As we saw when we busted myth #2, small jogs, like those on the S2 and S4, are no barrier to being able to scratch like a demon. If you’ve got a controller with jogwheels, you can scratch with it - period. Check out this guy scratching, cutting and chirping away on a Mixtrack Pro: You can pick these up for US$50 on ebay and the Mixtrack Pro 3 is also fantastically capable at around $200:

4. You can't "beatjuggle" without spinning visual cues

Beatjuggling is tricky, whether it’s on vinyl or not, it takes incredible coordination, rhythm and practice. When DJs beat juggle on vinyl, they use marks on the record labels to be able to give themselves a visual cue of the position of the record. And those records are constantly spinning. In general this is not available to controller DJs, it’s replicated on some DJ controllers, like the LED lights on some Reloop and Pioneer models, and the spinning platters on the Numark NS7III, but is not the norm, and is mostly only available on more expensive units.
So can beatjuggling, and the more advanced techniques like “chasing” be done on a normal controller? You guessed it, absolutely yes, and DJ Wreckdown is going to bust this myth for us in the following video, with his awesome routine on the Denon MC3000 and Traktor (also proving that some non-Native controllers work great with Traktor too!):

5. Scratching on a controller is not like “performing” on turntables

The extent to which you are “performing” depends entirely on you... it doesn’t matter what set-up you’re using. One of the best party-rocking performance DJs out there is DJ Angelo, and as part of his sometime role of brand ambassador for Reloop he has put together mind-blowing routines using controllers that showcase not only his own abilities, but the capability of the gear too.
This landmark demo he did for Reloop at Musikmesse in 2013 is an absolute masterclass in music programming, scratching, beatjuggling, controllerism and DJ performance, not limited in any way by using a controller, or indeed limited in his mindset. His enthusiasm (even in the sterile environment of an exhibition hall during the day) is as infectious as his skills are impressive:

6. You can't scratch with house or trance music

There's no denying that scratching came from, and is still most widely used in, hip hop, but there seems to be an assumption that if you DJ with any other genre, then there's no place for scratching. Well there are plenty of DJs who don't agree.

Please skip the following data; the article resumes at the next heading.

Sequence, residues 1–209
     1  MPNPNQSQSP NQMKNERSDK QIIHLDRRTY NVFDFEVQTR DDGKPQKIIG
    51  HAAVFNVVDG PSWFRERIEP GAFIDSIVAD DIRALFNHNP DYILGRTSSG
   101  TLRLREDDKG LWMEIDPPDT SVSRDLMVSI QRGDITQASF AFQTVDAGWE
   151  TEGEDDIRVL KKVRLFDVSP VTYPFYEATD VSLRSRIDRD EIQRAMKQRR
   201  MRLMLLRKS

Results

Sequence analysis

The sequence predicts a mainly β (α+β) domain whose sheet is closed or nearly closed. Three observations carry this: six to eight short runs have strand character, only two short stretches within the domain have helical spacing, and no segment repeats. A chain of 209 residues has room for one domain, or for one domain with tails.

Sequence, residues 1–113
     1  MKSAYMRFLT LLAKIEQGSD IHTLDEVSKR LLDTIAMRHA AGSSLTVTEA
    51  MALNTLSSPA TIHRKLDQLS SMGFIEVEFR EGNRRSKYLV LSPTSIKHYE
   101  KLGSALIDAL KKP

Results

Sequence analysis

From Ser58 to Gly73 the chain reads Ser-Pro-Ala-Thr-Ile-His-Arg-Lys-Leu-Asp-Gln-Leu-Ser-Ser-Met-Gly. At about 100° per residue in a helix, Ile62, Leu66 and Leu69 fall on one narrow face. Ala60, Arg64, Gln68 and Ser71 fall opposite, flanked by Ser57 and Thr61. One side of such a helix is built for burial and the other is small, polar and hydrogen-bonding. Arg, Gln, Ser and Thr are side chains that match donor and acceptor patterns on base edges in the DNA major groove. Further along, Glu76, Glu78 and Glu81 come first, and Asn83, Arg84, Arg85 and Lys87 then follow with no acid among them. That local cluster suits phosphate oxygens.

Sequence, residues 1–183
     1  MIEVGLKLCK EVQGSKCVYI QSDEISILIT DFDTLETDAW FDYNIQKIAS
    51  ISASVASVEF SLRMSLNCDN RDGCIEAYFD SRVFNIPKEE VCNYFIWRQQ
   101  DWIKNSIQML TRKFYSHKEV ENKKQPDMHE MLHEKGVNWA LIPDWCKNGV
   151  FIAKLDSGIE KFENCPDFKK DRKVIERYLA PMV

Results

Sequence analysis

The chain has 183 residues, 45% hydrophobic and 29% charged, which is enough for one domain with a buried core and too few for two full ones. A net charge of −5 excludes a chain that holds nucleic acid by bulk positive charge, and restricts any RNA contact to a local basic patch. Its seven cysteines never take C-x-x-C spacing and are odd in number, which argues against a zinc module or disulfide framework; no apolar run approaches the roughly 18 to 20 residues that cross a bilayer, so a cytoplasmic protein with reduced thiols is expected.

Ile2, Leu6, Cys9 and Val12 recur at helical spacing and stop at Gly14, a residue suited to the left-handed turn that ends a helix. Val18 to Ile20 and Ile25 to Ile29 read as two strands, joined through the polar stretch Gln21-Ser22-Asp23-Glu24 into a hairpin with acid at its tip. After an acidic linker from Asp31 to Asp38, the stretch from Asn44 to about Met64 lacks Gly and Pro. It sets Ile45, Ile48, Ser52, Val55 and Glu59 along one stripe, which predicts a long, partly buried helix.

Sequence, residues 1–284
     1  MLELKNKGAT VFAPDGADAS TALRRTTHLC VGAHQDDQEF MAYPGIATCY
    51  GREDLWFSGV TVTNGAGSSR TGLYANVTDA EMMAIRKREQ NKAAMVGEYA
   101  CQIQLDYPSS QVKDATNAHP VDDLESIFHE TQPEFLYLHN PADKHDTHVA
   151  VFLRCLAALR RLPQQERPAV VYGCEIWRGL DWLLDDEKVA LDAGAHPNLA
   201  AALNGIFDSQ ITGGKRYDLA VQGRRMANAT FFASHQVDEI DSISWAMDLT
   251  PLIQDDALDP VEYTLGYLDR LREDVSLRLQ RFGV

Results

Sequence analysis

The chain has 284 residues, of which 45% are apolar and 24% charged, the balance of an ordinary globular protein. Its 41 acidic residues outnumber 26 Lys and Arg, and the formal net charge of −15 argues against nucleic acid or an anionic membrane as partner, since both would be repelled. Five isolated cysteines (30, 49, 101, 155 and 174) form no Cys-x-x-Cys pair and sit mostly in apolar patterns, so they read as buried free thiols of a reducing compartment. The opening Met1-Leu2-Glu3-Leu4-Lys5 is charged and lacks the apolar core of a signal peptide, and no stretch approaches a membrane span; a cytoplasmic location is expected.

James Zabiela has always pushed the boundaries of performance in his DJing, and scratching has always been a big part of it, and a massive contributory factor to his rise to fame. He understood very early on that you need to show that you're in control at the decks. He says: "It’s important to give your audience something to look at as well. I always really enjoy looking at those DMC tapes where the DJs are like scratching with snooker cues. That’s totally out of my league but it’s great to watch. I think somewhere in between that and the sort of smooth Sasha mixing is somewhere where I’m heading. Somewhere in between."
James is a true multi-genre DJ but plays mostly house / techno tempo, and uses scratching, combined with loops and FX to devastating effect in his sets, check out what he describes as a "mess about" here using Pioneer CDJs and the RMX1000:
Another house DJ who leverages the power of scratching is legend of the genre Terrence Parker. Inspired by Grandmaster Flash when he was young, he decided that scratching would always be a part of his DJ performances: "When I first stared DJing, and actually developing my style, it was very important for me to show people that I'm actually working."
Here he is cutting, scratching and juggling his own house tunes in his "masterclass" video that truly busts this myth:

7. You'll never be respected scratching on digital gear

As we said right at the start, there will always be haters, but the tide is turning. More and more "proper" scratch DJs are acknowledging that it doesn't matter what gear you use, it's the skills you display that count. Even the DMC World DJ championship is now getting respected entires from DJs using controllers - check out The Abbot from New Zealand rocking his Pioneer DDJ-SZ for his round six entry for this year's competition, even goading viewers in the comments under his own video saying: "Waiting for the controller haters..." :)
Busting the last of our myths is the incredible "Saturday Super Session" videos - put together by Dutch DJ TLM, where 56 DJs from over 30 countries all submitted a scratch session using the same beat and whatever gear they wanted... iPads, cheap controllers, expensive controllers, CDJs, turntables, DVS - the whole lot!
This acceptance of DJs into the scratch community no matter what gear they're using is growing day by day, as DJ TLM says: "In this video everyone's using they're own thing to get the job done, and to me it's pretty cool to see how everyone uses their equipment. I didn't want this just to be a session with the top guys doing all kinds of intricate cuts and scratches on vinyl only. There's DJs in there doing really basic scratches, but they're doing them in a neat fashion and that's all that counts."
Check out the session here:

A word on DVS...